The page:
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Simulations could have real-world impact on decongesting city streets

A man points to a physical blueprint of a city.
Ford technicians study City Insights Studio. Photo courtesy of Ford

As cities get more crowded, companies are developing SimCity-like software that help urban planners plot better transportation networks.

Why it matters: These software programs enable communities to visualize the movement of people and goods around their city and develop solutions to reduce congestion and improve safety.

  • This is important because it's getting tougher to move around some cities, which are coping with population growth, worsening traffic and deteriorating public transit. And, the arrival of self-driving cars could improve conditions — or make them much worse.
  • Companies like RideOS and Bestmile are developing fleet optimization software to make transportation networks more efficient.
  • Another startup called Remix brings together disparate data sources into one view of a city’s transportation picture for better decision-making.

Zoom in: Ford’s City Insights platform also brings together data not usually found in one place so cities can view their entire transportation system holistically and explore solutions to traffic and safety problems before implementing them in the real world.

  • It has a secondary purpose, though: Ford wants to understand how its robotaxis and automated delivery vehicles might fit into the mix one day.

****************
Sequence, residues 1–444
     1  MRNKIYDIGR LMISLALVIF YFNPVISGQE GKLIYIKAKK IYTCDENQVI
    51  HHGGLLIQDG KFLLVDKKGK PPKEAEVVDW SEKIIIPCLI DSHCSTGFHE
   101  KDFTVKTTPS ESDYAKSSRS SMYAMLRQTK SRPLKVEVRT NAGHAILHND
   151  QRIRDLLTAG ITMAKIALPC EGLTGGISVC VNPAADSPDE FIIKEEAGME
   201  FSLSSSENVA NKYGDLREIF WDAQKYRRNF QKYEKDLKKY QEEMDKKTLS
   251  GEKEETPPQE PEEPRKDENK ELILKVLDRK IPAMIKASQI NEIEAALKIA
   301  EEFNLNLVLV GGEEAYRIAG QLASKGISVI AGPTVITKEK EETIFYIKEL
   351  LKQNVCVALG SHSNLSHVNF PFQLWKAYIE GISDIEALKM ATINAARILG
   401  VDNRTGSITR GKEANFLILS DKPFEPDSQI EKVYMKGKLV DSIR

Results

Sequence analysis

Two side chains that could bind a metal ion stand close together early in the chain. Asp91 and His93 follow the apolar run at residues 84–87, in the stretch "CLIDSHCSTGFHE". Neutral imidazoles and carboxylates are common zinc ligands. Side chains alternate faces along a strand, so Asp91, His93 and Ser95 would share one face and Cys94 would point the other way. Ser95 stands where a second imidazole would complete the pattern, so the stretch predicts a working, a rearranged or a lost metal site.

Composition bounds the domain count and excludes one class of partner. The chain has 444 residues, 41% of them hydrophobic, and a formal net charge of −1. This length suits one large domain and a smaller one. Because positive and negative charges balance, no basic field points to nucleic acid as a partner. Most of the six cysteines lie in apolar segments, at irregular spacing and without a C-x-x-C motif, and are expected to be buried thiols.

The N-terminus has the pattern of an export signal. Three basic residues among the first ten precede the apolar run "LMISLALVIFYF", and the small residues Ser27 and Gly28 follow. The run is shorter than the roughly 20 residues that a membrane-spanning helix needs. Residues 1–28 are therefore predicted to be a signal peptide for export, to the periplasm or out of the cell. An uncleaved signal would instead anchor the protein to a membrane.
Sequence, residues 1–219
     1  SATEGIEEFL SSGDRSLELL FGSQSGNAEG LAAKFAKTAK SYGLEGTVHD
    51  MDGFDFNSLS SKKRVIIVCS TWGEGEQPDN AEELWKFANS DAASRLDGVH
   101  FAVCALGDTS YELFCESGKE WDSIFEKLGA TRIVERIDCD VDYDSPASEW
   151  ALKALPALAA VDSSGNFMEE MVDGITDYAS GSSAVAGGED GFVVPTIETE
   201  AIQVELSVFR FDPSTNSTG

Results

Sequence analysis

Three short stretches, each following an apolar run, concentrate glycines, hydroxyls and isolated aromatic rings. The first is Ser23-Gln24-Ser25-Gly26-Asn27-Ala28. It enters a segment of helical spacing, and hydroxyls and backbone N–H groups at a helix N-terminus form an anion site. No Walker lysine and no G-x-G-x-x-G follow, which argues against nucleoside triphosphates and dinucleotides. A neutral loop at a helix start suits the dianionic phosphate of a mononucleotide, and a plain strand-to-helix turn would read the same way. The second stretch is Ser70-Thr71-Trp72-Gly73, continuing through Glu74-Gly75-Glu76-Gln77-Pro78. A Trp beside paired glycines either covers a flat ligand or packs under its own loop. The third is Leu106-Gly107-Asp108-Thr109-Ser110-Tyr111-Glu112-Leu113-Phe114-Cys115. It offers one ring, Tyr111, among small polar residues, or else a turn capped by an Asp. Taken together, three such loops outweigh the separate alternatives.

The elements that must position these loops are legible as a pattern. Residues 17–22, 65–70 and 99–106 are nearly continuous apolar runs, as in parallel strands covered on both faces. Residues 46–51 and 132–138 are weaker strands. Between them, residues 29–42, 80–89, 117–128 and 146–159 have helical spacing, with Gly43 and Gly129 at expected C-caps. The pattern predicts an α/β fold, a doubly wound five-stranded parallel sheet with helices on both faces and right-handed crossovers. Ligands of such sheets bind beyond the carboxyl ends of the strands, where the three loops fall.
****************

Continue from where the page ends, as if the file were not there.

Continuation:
What's new: Ford is piloting the City Insights software in Ann Arbor, Michigan, where it works with city planners and other organizations to analyze specific transportation issues in the growing college town of 121,000.

How it works: Communities like Ann Arbor collect lots of transportation-related data, but don't often share it across departments or organizations. This limits visibility into what's really happening on the roads.

  • Ford pools parking, transit, traffic, safety and census data about Ann Arbor and uses its suite of software tools to bring it to life with a digital model of the city across 6 LCD screens, including miniature 3D-printed buildings.
  • The interactive tabletop offers planners a way to visualize information they might miss on a spreadsheet.
  • They can then analyze traffic patterns and simulate various scenarios.

What they learned:

  • Planners thought Ann Arbor needed more parking, but changed their minds after visualizing traffic flows and are now working on directing drivers to open spaces — a much cheaper alternative.
  • To improve safety, they identified the riskiest intersections by analyzing crash data from police reports alongside Ford's own connected vehicle data, showing instances of sudden braking, for example, which could suggest near-misses.
  • They also studied movement in back alleys, to see how city services could be improved. "If a garbage truck can’t enter an alley as part of its normal route, that doesn’t just create traffic. It costs the city money and negatively impacts the quality of life for residents and businesses," Brett Wheatley, Ford's VP of mobility marketing and growth, writes in a blog post.

What's next: Ford will expand the use of these tools to 6 more U.S. cities, including Austin, Indianapolis, Pittsburgh and Detroit.